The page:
NEW YORK (Reuters) - Nearly half of registered U.S. voters think American infrastructure has deteriorated in the last five years, a national poll released on Tuesday found, with Republicans taking the dimmer view.
While the poll showed that a bipartisan majority believes more infrastructure funding would positively affect the economy, those surveyed held different views on the nation’s recent infrastructure changes.
Forty-one percent of Democrats said infrastructure has gotten worse over the last five years, while 53 percent of Republicans took that view.
Republican voters tend to be older and male, and Democratic voters younger and more diverse, said Kip Eideberg, vice president of public affairs and advocacy for the Association of Equipment Manufacturers, which commissioned the poll.
“The older voters tend to be more pessimistic and they tend to have a view that it was a lot better in the past, whereas younger voters tend to be more optimistic,” Eideberg told Reuters.
The poll surveyed 1,975 registered voters between June 17-20. It had a margin of error of plus or minus 2 percentage points.
Concern for infrastructure, however, varies among generations. Seventy-three percent of those 65 and older rated U.S. roads poor to fair, compared with 55 percent of 18-34 year-olds, it said.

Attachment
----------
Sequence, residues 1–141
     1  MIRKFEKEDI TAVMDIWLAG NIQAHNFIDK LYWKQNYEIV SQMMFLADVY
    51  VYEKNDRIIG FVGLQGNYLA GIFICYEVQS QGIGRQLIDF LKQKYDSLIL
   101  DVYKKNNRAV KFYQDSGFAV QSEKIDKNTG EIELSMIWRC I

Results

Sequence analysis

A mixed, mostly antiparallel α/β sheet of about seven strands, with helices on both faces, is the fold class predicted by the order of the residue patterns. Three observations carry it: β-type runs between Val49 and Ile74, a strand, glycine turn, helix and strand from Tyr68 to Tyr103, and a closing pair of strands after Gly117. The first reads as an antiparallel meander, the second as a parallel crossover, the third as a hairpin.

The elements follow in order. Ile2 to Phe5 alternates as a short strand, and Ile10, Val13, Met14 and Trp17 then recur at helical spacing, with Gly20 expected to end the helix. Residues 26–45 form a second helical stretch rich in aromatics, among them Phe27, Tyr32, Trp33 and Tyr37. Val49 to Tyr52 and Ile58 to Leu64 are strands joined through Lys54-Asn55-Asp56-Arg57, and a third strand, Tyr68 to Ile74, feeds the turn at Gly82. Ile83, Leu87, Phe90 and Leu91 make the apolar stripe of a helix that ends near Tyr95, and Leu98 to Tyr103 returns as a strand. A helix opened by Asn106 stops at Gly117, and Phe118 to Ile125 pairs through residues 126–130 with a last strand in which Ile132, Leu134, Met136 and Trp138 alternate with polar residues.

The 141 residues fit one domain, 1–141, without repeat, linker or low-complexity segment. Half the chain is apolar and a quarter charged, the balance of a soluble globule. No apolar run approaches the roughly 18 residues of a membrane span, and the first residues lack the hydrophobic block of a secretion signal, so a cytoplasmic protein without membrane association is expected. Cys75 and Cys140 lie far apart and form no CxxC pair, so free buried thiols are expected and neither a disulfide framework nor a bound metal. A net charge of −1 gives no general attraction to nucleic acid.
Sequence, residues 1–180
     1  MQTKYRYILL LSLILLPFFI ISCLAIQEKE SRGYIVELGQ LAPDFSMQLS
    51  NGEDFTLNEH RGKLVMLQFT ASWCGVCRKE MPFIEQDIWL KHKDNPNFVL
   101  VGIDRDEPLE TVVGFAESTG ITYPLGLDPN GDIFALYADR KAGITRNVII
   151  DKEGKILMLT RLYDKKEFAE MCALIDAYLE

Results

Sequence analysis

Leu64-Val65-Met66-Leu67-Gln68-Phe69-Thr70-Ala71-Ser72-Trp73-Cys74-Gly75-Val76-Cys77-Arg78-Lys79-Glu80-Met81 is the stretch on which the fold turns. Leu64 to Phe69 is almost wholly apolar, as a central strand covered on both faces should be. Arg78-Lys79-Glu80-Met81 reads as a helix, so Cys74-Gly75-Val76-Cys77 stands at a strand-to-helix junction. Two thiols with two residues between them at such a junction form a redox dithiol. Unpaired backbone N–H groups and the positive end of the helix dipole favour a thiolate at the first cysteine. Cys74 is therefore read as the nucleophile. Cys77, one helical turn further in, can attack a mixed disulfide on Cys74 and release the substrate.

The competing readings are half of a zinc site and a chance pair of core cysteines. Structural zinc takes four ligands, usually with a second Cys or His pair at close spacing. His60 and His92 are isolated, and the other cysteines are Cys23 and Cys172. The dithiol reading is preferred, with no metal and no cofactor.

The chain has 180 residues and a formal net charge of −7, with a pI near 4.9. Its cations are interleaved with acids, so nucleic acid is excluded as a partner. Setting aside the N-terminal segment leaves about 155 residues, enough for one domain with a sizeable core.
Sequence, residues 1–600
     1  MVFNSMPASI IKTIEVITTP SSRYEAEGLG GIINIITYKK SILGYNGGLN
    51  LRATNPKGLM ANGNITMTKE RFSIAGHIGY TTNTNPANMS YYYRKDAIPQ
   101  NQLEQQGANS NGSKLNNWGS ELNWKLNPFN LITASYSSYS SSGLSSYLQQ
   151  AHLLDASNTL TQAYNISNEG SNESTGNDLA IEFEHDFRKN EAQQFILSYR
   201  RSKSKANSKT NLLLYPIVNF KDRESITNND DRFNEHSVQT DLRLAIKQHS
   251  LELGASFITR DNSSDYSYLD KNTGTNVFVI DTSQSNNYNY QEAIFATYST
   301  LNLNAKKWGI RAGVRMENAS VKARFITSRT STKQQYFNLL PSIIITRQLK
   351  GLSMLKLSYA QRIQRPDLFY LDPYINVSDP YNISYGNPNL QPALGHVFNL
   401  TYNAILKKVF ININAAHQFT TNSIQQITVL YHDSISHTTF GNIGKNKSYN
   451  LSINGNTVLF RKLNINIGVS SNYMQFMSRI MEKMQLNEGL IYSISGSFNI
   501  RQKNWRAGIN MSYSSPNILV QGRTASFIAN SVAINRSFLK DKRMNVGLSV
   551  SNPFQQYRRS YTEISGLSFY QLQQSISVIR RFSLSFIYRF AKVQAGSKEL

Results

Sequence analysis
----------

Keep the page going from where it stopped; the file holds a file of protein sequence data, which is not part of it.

When asked about innovation, millennials placed more importance on vertical farms for producing vegetables in urban areas, self-driving cars and drones, the report said. Older voters felt most strongly about “smarter infrastructure.”
Between 80 and 90 percent of those surveyed said roads, bridges and energy grids are in “some or extreme need of repairs.”
More than 70 percent of respondents thought federal, local and state governments should be doing additional work to improve infrastructure across the nation.
Roads are “top-of-mind” to registered voters — regardless of political affiliation, the poll said. It noted that voters also believe bridges, railways, dams and water pipelines also require repairs.
While the report shows bipartisan support for increased infrastructure funding, a May report from the American Society of Civil Engineers said the United States will fall $1.44 trillion short of what it needs to spend on infrastructure through the next decade.
The ASCE also estimated that while the nation needs to spend $3.32 trillion to keep its ports, highways, bridges, trains, water and electric facilities up to date, it has funded only $1.88 trillion of that.
Reporting by Stephanie Kelly; Editing by Dan Grebler